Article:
A City in Search of Equity & Diversity

capitolOver the last several years, the conversation over who holds power in the upper echelons of the private sector and government have increasingly focused on the lack of women and people of color. Indeed, the University of California, Davis produced over a decade’s worth of data which shows that about 97% of board-level and CEO positions in the top 400 companies in California are held by men.

Hell, in what is often-considered the most progressive state in the Union, we’ve still never had a female Governor.

I remember becoming particularly interested in this topic when looking at our own city council and realizing that there was just one woman sitting at the dais. After deciding to take a deep dive, in March of 2016 I wrote a piece that looked at the makeup of city boards and commissions, elected offices, and leadership positions within the city.

Of course, it was already clear that we were lacking in elected city positions in terms of gender diversity, but I was surprised to find out – according to the city’s own department leadership diagram – that only about 13 percent of upper management positions were held by women. Also, while the aggregate of boards and commissions were about 40 percent women, the commissions with decision-making power, such as the Planning and Design Commission, were seriously lacking (2 members out of 13).

Due to a lack of data and expertise, my analysis missed a larger question entirely — the intersectionality of ethnicity. The city has made modest strides over time with diversity in elected office; Milton McGhee (elected 1967) was the first African American city council member, Manuel Ferrales (elected 1969) was the first Latino council member, and Robert Matsui (elected 1971) was the first Japanese American council member.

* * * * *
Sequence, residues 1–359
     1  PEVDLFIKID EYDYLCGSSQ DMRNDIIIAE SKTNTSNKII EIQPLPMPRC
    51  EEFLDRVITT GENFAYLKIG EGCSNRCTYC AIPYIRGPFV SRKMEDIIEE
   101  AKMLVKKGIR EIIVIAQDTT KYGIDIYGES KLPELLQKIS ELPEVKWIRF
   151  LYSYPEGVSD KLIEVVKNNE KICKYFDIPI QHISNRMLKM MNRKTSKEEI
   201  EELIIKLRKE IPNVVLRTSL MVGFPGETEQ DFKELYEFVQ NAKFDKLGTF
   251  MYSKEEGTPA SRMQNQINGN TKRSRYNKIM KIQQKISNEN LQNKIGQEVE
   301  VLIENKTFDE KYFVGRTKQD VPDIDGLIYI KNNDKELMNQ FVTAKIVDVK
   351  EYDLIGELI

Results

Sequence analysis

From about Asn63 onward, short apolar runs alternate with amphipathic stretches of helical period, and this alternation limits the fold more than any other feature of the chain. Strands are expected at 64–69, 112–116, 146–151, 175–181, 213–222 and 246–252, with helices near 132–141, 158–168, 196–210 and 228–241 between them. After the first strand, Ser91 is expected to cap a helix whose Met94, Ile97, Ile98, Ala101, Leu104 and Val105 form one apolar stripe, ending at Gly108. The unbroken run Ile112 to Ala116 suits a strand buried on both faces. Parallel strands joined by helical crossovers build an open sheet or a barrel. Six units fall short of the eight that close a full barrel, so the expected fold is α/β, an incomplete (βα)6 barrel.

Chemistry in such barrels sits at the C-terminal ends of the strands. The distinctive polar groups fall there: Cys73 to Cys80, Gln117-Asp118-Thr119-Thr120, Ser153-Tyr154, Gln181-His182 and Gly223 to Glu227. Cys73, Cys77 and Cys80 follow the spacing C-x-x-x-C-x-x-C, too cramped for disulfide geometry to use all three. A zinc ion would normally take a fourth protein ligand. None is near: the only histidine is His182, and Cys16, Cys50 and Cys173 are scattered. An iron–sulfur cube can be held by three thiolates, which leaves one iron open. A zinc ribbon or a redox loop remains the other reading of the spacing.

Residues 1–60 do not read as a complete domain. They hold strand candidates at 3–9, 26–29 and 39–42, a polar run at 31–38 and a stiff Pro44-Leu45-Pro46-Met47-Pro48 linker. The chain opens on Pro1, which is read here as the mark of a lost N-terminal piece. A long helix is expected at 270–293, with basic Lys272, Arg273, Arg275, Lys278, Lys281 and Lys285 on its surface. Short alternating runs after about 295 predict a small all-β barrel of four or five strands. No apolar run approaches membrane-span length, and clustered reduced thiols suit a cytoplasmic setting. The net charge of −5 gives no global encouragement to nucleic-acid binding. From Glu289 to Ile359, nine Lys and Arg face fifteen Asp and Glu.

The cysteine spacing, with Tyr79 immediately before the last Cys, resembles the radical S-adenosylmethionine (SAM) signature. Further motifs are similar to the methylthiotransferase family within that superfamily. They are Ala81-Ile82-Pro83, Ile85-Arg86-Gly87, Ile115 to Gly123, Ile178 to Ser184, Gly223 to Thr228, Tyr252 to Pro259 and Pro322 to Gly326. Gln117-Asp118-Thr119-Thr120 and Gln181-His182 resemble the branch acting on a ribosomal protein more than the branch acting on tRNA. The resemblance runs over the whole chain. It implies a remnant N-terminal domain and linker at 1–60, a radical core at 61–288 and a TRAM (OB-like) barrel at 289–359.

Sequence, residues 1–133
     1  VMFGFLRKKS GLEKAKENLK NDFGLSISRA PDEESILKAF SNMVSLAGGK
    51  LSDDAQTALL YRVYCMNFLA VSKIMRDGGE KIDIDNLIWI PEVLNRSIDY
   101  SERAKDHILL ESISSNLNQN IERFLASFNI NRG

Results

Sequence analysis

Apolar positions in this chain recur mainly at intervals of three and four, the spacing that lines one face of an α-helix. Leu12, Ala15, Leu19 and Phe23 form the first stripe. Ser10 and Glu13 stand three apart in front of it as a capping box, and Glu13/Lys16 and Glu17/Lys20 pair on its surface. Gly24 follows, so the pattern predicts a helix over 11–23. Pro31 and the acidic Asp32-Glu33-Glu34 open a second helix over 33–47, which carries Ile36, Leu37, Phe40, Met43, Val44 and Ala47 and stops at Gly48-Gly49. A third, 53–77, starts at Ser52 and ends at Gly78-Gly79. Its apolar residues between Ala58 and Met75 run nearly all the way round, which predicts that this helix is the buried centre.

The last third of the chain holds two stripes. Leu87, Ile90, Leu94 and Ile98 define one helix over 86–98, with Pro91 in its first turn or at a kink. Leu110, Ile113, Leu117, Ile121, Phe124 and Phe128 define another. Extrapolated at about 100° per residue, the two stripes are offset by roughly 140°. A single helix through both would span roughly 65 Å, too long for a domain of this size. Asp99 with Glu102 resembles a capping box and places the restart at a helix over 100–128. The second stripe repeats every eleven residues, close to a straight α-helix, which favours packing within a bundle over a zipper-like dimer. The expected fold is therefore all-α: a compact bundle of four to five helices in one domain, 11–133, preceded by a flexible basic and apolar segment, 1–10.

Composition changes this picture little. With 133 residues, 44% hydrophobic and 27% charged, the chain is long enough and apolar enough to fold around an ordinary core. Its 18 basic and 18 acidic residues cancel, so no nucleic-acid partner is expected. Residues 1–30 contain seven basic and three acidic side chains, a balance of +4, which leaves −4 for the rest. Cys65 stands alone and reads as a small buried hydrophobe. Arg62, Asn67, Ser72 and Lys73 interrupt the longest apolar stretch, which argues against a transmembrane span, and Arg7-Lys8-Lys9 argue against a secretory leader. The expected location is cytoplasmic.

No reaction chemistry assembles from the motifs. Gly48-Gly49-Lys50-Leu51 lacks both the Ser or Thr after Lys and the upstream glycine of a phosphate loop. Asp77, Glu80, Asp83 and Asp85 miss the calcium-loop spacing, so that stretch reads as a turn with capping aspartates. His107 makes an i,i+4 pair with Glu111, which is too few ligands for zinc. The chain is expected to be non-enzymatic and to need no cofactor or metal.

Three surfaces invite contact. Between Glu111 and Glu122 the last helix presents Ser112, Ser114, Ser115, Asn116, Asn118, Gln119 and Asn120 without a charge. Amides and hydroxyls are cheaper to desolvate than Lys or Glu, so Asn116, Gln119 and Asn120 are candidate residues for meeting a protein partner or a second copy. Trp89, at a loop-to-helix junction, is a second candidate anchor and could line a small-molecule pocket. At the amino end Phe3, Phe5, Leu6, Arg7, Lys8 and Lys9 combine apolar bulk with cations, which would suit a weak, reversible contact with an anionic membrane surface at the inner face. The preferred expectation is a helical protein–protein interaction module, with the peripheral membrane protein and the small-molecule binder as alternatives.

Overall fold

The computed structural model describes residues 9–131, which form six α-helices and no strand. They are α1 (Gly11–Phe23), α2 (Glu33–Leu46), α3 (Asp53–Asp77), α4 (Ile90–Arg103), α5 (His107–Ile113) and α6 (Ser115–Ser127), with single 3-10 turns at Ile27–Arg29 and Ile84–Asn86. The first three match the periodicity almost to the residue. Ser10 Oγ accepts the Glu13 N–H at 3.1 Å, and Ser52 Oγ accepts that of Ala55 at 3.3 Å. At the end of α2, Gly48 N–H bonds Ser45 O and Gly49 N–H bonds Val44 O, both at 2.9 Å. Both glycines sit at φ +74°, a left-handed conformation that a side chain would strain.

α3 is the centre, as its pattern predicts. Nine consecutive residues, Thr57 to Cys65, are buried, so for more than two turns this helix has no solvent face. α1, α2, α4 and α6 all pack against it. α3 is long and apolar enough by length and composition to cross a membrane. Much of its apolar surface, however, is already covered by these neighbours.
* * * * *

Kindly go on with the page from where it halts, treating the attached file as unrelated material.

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But of course we wonder, where are the women of color? The answer is: not generally in positions of power. Recently, the city decided that needed to change, and while historically it hasn’t meaningfully gathered data on diversity or analyzed who holds the power, it does now.

In April of 2016, Councilmember Angelique Ashby partnered with the research firm McKinsey to determine just what the “diversity deficit” is in Sacramento, and how we might move forward with solutions. That began with a Gender Parity Report Card issued out of her office, which not only noted the lack of women in management positions as well as a significant differences in pay (spoiler: women make less than men), but suggested actionable solutions such as hiring a Diversity Manager.

Ultimately, the city decided to move forward with that recommendation and is in the process of hiring for that position.

That study spurred the call for a city-wide Gender and Ethnic Diversity Audit, which was released in July of 2016. As the Sacramento Bee pointed out, “the city’s employees – and its Police and Fire departments – are significantly less diverse than the public they serve. In all but two of 17 city departments examined, more than 50 percent of managers are white.”